9. 9. Transforming Lives and Landscapes with Trees Your Subtitle Here Water scarcity: Bio-physical and socio-economic constraint • Declining water resources forcing farmers to modify systems – currently leading to a decline in both the number and variety of trees grown • Local knowledge recognized climate variability & climate change as a primary driver of this but alsolack of financial resources and administrative procedures limit irrigation • Old irrigation structures and traditional irrigation practices -> limit tree planting as irrigation potential is not fully realized • Area of conflict • Smallholder upland farmers want economically viable and drought resistant trees -> knowledge gaps limit uptake • High path dependency around olive systems
  10. 10. Transforming Lives and Landscapes with Trees Your Subtitle Here Results: Perceived Barriers to Tree-Based Diversification Lower slope and mountain farmers at risk (rain red systems) Farmers identified three interlinked barriers : water scarcity, low profitability of agriculture and uncontrolled livestock grazing. Causal diagram of low profitability and uncontrolled grazing as barriers to tree planting Social capital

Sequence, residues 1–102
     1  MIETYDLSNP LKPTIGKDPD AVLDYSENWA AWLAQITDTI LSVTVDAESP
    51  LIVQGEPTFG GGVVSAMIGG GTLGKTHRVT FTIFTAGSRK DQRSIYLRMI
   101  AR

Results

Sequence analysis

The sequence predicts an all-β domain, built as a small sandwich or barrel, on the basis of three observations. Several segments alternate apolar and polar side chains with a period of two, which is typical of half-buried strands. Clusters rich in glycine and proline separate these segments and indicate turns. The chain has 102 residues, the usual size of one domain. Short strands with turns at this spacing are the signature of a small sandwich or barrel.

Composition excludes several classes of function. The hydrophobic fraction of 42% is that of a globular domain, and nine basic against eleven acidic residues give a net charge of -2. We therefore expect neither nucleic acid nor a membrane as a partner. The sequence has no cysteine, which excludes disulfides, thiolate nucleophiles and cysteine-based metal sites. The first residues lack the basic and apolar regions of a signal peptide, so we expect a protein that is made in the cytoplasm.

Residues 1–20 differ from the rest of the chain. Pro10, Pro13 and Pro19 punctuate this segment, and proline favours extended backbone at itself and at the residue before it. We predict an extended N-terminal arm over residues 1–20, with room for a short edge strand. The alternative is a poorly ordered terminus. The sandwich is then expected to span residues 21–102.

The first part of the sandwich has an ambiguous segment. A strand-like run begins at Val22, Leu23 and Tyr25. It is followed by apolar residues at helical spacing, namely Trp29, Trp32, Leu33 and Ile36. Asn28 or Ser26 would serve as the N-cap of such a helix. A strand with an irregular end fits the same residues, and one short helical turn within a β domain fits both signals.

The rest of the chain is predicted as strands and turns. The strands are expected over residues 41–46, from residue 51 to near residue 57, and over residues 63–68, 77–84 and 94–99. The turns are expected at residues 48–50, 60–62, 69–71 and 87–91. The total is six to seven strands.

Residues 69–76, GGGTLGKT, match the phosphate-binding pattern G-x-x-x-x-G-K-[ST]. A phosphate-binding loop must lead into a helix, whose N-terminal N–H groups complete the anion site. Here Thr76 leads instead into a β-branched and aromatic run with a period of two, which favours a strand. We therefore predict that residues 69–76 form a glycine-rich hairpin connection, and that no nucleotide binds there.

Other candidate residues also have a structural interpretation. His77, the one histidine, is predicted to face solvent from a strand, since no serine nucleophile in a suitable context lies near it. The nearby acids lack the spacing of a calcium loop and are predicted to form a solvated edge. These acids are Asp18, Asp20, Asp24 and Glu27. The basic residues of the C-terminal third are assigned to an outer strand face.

11. 11. Transforming Lives and Landscapes with Trees Your Subtitle Here Results: Entry-Points for Tree- Based Adaptation Respondents identified several entry-points: I. Improved management of local water and soil resources; II. Delivery of targeted extension services, focusing on management practices for trees; and III. Conflict-mitigation and improved livestock husbandry by shepherds.
  12. 12. Transforming Lives and Landscapes with Trees Your Subtitle Here Discussion: Demonstrates discriminatory power of local knowledge to characterise farming conditions at the local landscape scale and unveil adoption barriers and options for tree-based diversification in northern Morocco Local knowledge provided rapid assessment of existing agroecological conditions and agroforestry practices at the study site • Previous characterisation of ‘rain fed mixed systems’ inadequate capture local landscape-scale variation of farming systems in Zerhoun • Using livelihood system classification shows quite different performance, management and prospects for change across farming ‘systems’ Some level of ‘cultural inertia’ feeding into adaptation behaviour (farmers wanting to continue to produce olives despite climate change rendering this less ecologically viable). Climate system similar to what will be soon experienced elsewhere in the Mediterranean (Climate Analogue)
  13. 13. Transforming Lives and Landscapes with Trees World Agroforestry (ICRAF), United Nations Avenue, Gigiri, P.O Box 30677-00100, Nairobi, Kenya Phone: +254 20 722 4000 Fax: +254 20 722 4001 Email: icraf@cgiar.org Website: www.worldagroforestry.org Thank you! Tim Pagella t.pagella@bangor.ac.uk